Small Group Discussion
Lazarus at the Gate
(Nicole Conner - May 5-6th, 2007)
Read Luke 16:19-31
There are three people in this story – Lazarus, a rich man and Abraham. It shows us the realities of heaven and hell (eternal separation from God). Why was the rich man in hell? Was it because he had riches? If so – why was Abraham in heaven? Abraham was wealthy and blessed in every way even to the point of envy from his neighbours (Gen. 24:1). Wealth alone would not be the issue that took the man to hell. It was more what he didn’t have than what he had.
Read Matthew 23:23-24
The comfort and excess in the rich man’s life had made him blind. He no longer saw Lazarus at the gate. Because he no longer saw him he was not compelled to do anything about him. So he withheld justice, mercy and compassion and somehow convinced himself that it wouldn’t matter.
Identifying with the Rich Man
In some way we can all identify with the rich man. We often make excuses for injustice – have you noticed that? What does God think of it all? See: Job 5:15-16; Lev 19:15; Deut 16:20; Ps 11:7; Proverbs 29:7; Micah 6:7, 8.
Israel went into exile because of two major sins – idolatry and injustice. They became blind to Lazarus at the gate, not realising when they did they became blind to God. Opulence and wealth has the potential to create the same blindness in us.
Salvation not by Works – but Works Demonstrate Obedience
Do you think our salvation is conditional on our works? Salvation – the born again supernatural experience - is not something that cannot be brought about by works. It is an act of an Almighty God. But Jesus makes it very clear that those who claim salvation as theirs cannot neglect the issues of justice. To do so brings doubt on a true salvation experience.
The Sheep and the Goats
Jesus sheds light on this in Matthew 25
. Jesus tells another story remarkably similar to this one – the story of the sheep and the goats. One group goes to eternal life – the other damnation. The difference – their actions!
The FACTS about Riches
We have established that having wealth is not necessarily what got the rich man into hell. However, we cannot escape this all together. Why did Jesus talk about the rich man? Why did he comment on his opulent living? Was it a coincidence or is the story telling us something about riches? We see that the rich man was in hell because of his blindness to Lazarus. But I would go one step further and say that it could be that riches have the potential to make us blind.
One of the most astounding things about the affluent minority is that we actually think we have barely enough to survive in our modest comfort. Seductive advertising bombards us from all directions making us believe this delusion. Jesus continually warned about the deception of wealth because of its ability to create in us a surreal world that becomes our basis of operation. This influences our character and eventually our theology.
“I used to think when I was a child that Christ might have been exaggerating when he warned about the dangers of wealth. Today I know better. I know how very hard it is to be rich and still keep the milk of human kindness. Money has a dangerous way of putting scales on one’s eyes, a dangerous way of freezing people’s hands, eyes, lips and hearts.” Dom Helder Camara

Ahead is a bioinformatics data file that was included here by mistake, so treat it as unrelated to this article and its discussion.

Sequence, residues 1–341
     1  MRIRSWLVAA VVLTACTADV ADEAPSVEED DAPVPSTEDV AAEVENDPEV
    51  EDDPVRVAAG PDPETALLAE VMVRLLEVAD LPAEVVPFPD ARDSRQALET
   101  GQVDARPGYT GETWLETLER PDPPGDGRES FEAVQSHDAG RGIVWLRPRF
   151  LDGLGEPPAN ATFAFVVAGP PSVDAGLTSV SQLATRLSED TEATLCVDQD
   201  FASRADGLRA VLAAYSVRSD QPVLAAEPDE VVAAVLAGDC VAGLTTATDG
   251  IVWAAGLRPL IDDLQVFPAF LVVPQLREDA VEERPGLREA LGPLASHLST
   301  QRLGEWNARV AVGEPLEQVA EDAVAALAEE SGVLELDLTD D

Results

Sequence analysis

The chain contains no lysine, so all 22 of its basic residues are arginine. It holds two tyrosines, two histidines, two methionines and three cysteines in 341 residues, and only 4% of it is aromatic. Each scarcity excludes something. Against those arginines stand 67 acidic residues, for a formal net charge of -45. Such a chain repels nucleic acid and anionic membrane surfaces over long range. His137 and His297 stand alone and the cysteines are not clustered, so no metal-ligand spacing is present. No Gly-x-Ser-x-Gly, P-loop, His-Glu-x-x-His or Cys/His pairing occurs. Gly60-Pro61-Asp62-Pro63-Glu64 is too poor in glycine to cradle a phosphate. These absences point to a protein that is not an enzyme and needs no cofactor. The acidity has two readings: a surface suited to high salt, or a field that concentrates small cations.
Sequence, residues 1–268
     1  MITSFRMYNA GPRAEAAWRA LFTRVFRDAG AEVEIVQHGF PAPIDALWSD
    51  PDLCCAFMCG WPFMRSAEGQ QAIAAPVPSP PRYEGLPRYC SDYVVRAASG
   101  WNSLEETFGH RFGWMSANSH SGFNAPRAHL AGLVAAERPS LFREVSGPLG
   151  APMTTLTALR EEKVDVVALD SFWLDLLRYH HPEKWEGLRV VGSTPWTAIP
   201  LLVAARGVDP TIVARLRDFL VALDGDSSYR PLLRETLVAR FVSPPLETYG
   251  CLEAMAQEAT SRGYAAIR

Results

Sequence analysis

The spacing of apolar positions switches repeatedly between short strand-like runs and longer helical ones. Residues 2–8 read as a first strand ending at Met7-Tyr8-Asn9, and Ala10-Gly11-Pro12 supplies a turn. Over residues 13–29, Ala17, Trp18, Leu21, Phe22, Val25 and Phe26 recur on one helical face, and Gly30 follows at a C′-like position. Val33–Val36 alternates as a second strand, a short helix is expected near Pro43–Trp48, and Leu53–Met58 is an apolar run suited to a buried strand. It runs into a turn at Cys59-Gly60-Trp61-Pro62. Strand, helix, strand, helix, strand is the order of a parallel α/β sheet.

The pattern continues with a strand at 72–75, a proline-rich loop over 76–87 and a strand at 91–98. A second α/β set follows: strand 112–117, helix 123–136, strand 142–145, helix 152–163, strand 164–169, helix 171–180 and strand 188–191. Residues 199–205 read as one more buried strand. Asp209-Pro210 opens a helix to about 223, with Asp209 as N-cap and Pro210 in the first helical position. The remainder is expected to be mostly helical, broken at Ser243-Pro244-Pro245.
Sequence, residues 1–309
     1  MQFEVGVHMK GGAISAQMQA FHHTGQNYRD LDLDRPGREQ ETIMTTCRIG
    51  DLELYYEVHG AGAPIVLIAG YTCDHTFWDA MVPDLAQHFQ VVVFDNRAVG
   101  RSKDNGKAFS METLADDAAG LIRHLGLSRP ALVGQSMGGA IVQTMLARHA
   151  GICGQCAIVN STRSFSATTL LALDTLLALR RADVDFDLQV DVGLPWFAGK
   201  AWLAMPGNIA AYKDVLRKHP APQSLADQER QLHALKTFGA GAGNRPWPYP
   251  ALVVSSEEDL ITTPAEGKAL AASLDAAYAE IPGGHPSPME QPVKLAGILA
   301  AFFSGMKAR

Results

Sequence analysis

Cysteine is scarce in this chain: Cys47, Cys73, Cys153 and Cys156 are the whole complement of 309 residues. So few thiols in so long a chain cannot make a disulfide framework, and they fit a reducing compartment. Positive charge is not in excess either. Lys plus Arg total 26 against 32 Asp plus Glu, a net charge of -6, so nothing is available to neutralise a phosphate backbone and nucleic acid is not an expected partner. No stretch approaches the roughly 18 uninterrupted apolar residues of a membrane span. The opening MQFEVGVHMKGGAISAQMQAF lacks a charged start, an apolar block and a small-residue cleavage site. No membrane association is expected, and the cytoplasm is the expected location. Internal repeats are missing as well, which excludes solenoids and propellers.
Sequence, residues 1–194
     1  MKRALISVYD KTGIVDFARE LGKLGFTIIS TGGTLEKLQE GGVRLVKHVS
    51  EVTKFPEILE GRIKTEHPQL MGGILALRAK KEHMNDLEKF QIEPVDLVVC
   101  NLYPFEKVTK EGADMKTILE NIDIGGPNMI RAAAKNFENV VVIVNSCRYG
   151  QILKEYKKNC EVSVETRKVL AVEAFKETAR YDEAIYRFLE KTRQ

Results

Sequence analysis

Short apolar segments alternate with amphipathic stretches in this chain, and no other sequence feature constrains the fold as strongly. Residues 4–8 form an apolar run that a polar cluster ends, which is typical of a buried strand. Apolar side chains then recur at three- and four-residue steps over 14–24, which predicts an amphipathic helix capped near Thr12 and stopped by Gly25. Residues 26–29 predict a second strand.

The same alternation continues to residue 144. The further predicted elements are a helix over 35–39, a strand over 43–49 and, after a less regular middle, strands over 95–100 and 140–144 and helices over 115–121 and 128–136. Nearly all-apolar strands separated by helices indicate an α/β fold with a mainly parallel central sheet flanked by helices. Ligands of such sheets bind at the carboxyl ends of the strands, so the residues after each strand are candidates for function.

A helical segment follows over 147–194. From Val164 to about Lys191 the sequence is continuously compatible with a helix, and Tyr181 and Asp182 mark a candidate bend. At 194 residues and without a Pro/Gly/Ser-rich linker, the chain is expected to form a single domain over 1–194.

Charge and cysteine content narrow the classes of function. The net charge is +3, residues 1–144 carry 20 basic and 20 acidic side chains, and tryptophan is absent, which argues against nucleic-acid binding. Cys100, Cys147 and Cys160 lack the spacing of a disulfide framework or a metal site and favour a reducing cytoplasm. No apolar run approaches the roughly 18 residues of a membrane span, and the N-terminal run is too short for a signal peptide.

No wonder there are so many warning about possessions and riches (see 1 Tim 6:9-12, 17-18).
God’s Answer to the Deception of Wealth: GENEROSITY
In a world dominated by greed and violence, where the rich become richer, and the poor poorer – the answer is not for the Christian to hide in the desert at war with culture – but to model God’s answer – GENEROSITY.
Generosity is not just a good idea of God – it is the very essence of God. We serve a generous God and those born of His Spirit need to partner with the Holy Spirit in allowing this attribute to flow from their lives (2 Cor 9:10-13). Generosity is displayed in all aspects of life: emotionally, spiritually, financially, in areas of self-control.
Dr. Charles Birch said: “The rich must live more simply that the poor may simply live.”
Prov. 23:4 “Do not wear yourself out to get rich; have the wisdom to show restraint.”
It is also displayed in what makes us angry. God gets angry at injustice.
The story of Lazarus and the rich man has direct implications for us today. It is a story that unsettles us, makes us uncomfortable – and so it should. This story should make us alert to the dangers of wealth and God’s offence at those who choose to ignore Lazarus at the gate.
Amos 5:24. “Let justice roll down like waters, and righteousness like an ever-flowing stream.”
Sample Discussion Questions
- Discuss things you notice when reading the story of the rich man and Lazarus.
- Do you think wealth played a contributing factor to the man’s blindness to Lazarus?
- How can we change our global thinking so that the story of the rich man does not become ours?
- What do you think God require of His followers regarding the issues of justice, mercy and faithfulness?